Clinical Trials Using Liposomal Cytarabine-Daunorubicin CPX-351

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Clinical trials are research studies that involve people. The clinical trials on this list are studying Liposomal Cytarabine-Daunorubicin CPX-351. All trials on the list are supported by NCI.

NCI’s basic information about clinical trials explains the types and phases of trials and how they are carried out. Clinical trials look at new ways to prevent, detect, or treat disease. You may want to think about taking part in a clinical trial. Talk to your doctor for help in deciding if one is right for you.

Trials 1-5 of 5
  • Liposomal Cytarabine-Daunorubicin CPX-351, Fludarabine Phosphate, Cytarabine, and Filgrastim in Treating Younger Patients with Relapsed or Refractory Acute Myeloid Leukemia

    This phase I / II trial studies the side effects and best dose of liposomal cytarabine-daunorubicin CPX-351 (CPX-351) when given with fludarabine phosphate, cytarabine, and filgrastim and to see how well they work in treating younger patients with acute myeloid leukemia that has come back after treatment (relapsed) or is not responding to treatment (is refractory). Liposomal cytarabine-daunorubicin CPX-351 is made up of two chemotherapy drugs, cytarabine and daunorubicin hydrochloride, and works to stop cancer cell growth by blocking the cells from dividing. Drugs used in chemotherapy, such as fludarabine phosphate and cytarabine, work in different ways to stop the growth of cancer cells, either by killing the cells, by stopping them from dividing, or by stopping them from spreading. Filgrastim may increase the production of blood cells and may help the immune system recover from the side effects of chemotherapy. Giving liposomal cytarabine-daunorubicin CPX-351 followed by fludarabine phosphate, cytarabine, and filgrastim may be a better treatment for patients with relapsed acute myeloid leukemia and may cause fewer side effects to the heart, a common effect of other chemotherapy treatments for acute myeloid leukemia.
    Location: 58 locations

  • Cytarabine, Idarubicin, Liposome-encapsulated Daunorubicin-Cytarabine or Decitabine in Treating Older Patients with Acute Myeloid Leukemia or High-risk Myelodysplastic Syndrome

    This phase II trial studies how well cytarabine and idarubicin or decitabine work in treating patients with acute myeloid leukemia or high-risk myelodysplastic syndrome. Drugs used in chemotherapy, such as cytarabine, idarubicin and liposome-encapsulated daunorubicin-cytarabine, work in different ways to stop the growth of tumor cells, either by killing the cells, by stopping them from dividing, or by stopping them from spreading. Decitabine may stop the growth of cancer cells by blocking some of the enzymes needed for cell growth. Giving patients cytarabine, idarubicin, liposome-encapsulated daunorubicin-cytarabine or decitabine may work better in treating patients with acute myeloid leukemia or high-risk myelodysplastic syndrome based on clinicogenetic risk stratification.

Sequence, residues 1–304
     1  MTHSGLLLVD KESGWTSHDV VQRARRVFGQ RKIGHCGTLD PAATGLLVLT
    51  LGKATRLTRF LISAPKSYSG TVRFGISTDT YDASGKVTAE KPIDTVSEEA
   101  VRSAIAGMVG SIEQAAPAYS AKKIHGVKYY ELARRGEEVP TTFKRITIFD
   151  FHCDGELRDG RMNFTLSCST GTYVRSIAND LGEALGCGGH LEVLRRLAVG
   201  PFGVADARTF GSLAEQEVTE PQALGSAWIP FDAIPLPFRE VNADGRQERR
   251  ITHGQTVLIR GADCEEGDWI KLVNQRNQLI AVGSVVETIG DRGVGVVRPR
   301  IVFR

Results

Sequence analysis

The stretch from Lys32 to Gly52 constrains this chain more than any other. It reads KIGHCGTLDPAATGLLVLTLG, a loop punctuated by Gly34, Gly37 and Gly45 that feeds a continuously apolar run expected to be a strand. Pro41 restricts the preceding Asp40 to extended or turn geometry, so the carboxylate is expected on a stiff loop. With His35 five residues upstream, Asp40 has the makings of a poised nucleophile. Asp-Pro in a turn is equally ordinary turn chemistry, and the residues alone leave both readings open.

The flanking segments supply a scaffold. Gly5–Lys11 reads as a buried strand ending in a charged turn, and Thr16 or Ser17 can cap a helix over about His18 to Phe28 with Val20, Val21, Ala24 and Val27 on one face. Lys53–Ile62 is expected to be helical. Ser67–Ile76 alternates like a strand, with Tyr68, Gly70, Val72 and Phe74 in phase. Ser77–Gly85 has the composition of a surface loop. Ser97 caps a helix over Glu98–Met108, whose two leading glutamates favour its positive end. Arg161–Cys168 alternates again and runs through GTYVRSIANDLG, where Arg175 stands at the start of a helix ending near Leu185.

Location: University of Nebraska Medical Center, Omaha, Nebraska

  • CPX-351 in Treating Patients with Newly Diagnosed, High-Risk Acute Myeloid Leukemia

    This phase II trial studies the best dose and how well liposomal cytarabine-daunorubicin CPX-351 (CPX-351) works in treating patients with newly diagnosed acute myeloid leukemia and who are at risk for not responding well to treatment. Liposomal cytarabine-daunorubicin CPX-351 combines two chemotherapy drugs that are known to help each other work better, and may work to stop the growth of cancer cells by blocking the cells from dividing.
    Location: M D Anderson Cancer Center, Houston, Texas

  • Pharmacokinetic and Pharmacodynamic Assessment of Treatment With CPX-351 (Cytarabine: Daunorubicin) Liposome for Injection in Acute Leukemias and MDS Patients With Moderate Hepatic Impairment

    To assess the impact of moderate hepatic impairment on cytarabine and daunorubicin pharmacokinetics and their metabolites following administration of CPX-351.
    Location: UCLA / Jonsson Comprehensive Cancer Center, Los Angeles, California

  • CPX-351 in Treating Patients with Relapsed or Refractory Acute Myeloid Leukemia or Myelodysplastic Syndrome

    This phase II trial studies how well liposomal cytarabine-daunorubicin CPX-351 (CPX-351) works in treating older patients with acute myeloid leukemia or myelodysplastic syndrome that has returned after a period of improvement (relapsed) or does not respond to treatment (refractory). Drugs used in chemotherapy, such as liposomal cytarabine-daunorubicin CPX-35, work in different ways to stop the growth of cancer cells, either by killing the cells, by stopping them from dividing, or stopping them from spreading.
    Location: Stanford Cancer Institute Palo Alto, Palo Alto, California